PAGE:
Legends or myths that exist within the computer industry press community are something that you don't read much about. The legend surrounding ATI's use of the word "mojo" is no exception. The legend goes something like this: a very famous game developer is rumored to have asked NVIDIA, "It looks like with the release of the Radeon 9700, that ATI stole your graphics mojo?" Indeed. The "mojo" reference comes from the latest "Austin Powers" film, which is part of the theme that ATI has adopted to describe the "coolness" factor of what they are now doing.
As with the legends of 3DFX's Rampage product, myths such as these continue to wind their way through the media. Although THG doesn't spend much time talking about them, we could fill volumes with the legends, myths, and rumors that we hear and elect not to write about because they can't be properly verified. We find the use of the word "mojo" to be a breath of fresh air, due to the fact that (as we have complained before) ATI's product packaging has previously lacked the "coolness" factor needed to compete in such a competitive marketplace.
ATI is working hard to change this perception, and we saw that with ATI's participation at Quakecon this year (see our article entitled,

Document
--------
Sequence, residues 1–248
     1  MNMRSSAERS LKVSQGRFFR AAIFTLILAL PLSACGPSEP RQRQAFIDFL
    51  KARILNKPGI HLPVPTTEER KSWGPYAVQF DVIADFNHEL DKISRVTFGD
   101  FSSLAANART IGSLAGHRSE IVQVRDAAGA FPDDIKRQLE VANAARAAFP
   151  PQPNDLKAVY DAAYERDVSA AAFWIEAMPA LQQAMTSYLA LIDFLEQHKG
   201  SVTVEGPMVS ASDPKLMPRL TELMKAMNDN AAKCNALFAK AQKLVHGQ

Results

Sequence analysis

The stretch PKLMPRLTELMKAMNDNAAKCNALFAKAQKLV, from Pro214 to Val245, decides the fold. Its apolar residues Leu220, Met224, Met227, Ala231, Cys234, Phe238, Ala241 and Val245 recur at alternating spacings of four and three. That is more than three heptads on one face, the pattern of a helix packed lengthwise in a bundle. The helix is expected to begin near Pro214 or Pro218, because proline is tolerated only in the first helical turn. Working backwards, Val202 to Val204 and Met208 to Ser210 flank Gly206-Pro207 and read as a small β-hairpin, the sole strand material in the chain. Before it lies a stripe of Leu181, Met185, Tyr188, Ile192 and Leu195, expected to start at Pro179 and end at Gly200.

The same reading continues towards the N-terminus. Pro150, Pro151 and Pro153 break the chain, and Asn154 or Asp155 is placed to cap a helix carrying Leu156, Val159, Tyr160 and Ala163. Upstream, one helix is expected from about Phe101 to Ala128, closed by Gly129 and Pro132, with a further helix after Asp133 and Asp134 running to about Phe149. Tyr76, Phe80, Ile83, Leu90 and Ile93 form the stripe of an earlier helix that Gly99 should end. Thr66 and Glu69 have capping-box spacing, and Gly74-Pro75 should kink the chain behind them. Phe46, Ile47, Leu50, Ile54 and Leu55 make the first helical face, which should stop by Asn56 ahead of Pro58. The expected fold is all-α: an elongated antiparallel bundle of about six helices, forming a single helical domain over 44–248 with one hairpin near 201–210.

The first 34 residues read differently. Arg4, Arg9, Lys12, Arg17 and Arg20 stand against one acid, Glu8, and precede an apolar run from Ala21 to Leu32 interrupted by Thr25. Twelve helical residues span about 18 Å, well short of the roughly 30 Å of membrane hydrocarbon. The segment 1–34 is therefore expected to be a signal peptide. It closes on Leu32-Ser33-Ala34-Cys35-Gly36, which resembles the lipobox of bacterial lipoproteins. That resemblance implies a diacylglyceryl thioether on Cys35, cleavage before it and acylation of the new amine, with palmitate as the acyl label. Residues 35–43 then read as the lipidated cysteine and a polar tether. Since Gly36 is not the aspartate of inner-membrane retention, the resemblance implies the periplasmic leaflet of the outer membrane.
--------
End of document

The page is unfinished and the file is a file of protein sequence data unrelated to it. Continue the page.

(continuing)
One question that graphics card manufacturers find difficult to answer is the following: when is the next-generation software going to be developed to make full use of these new, next-generation graphics cards? While graphics card manufacturers may not really know the answer to such a question, one thing is apparent: additional education is necessary for game developers to take full advantage of these new graphics card technologies. Unlike adding small features that really don't require much guidance or instruction, the new technology that is found in today's modern graphics card is so sophisticated that software developers need more training, technology and more information.
This concept is not lost on ATI. If a developer doesn't understand what the possibilities of these new technologies are, it will be difficult to implement them in today's software products in a way that really takes advantage of all they have to offer. The reality is, next-generation technologies have to be fostered today, and training needs to start immediately, because the development cycle for today's modern software is so lengthy. It has been said that laying a solid foundation for DirectX 9 and OpenGL 2.0 is essential to carry software development into the next several years, as these technology advancements offer a fundamental shift in the method in which the software will be developed, and in the additional functions that the software will offer.